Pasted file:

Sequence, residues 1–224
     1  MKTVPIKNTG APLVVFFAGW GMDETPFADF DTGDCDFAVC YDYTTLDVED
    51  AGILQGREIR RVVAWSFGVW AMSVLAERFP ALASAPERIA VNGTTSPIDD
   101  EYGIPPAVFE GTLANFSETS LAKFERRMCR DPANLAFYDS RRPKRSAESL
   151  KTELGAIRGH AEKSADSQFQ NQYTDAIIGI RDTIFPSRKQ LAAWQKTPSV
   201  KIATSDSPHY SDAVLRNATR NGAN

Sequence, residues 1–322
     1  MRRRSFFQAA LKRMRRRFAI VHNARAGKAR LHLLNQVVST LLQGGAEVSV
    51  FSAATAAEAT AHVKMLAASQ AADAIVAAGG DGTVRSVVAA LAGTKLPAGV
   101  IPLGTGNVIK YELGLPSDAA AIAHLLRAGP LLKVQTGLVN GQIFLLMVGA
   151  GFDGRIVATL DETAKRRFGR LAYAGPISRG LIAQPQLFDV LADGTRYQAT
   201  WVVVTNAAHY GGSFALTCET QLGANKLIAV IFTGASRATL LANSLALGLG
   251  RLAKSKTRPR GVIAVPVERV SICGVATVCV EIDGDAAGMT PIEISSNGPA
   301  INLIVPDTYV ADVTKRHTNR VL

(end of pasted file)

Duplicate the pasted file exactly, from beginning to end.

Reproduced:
Sequence, residues 1–224
     1  MKTVPIKNTG APLVVFFAGW GMDETPFADF DTGDCDFAVC YDYTTLDVED
    51  AGILQGREIR RVVAWSFGVW AMSVLAERFP ALASAPERIA VNGTTSPIDD
   101  EYGIPPAVFE GTLANFSETS LAKFERRMCR DPANLAFYDS RRPKRSAESL
   151  KTELGAIRGH AEKSADSQFQ NQYTDAIIGI RDTIFPSRKQ LAAWQKTPSV
   201  KIATSDSPHY SDAVLRNATR NGAN

Sequence, residues 1–322
     1  MRRRSFFQAA LKRMRRRFAI VHNARAGKAR LHLLNQVVST LLQGGAEVSV
    51  FSAATAAEAT AHVKMLAASQ AADAIVAAGG DGTVRSVVAA LAGTKLPAGV
   101  IPLGTGNVIK YELGLPSDAA AIAHLLRAGP LLKVQTGLVN GQIFLLMVGA
   151  GFDGRIVATL DETAKRRFGR LAYAGPISRG LIAQPQLFDV LADGTRYQAT
   201  WVVVTNAAHY GGSFALTCET QLGANKLIAV IFTGASRATL LANSLALGLG
   251  RLAKSKTRPR GVIAVPVERV SICGVATVCV EIDGDAAGMT PIEISSNGPA
   301  INLIVPDTYV ADVTKRHTNR VL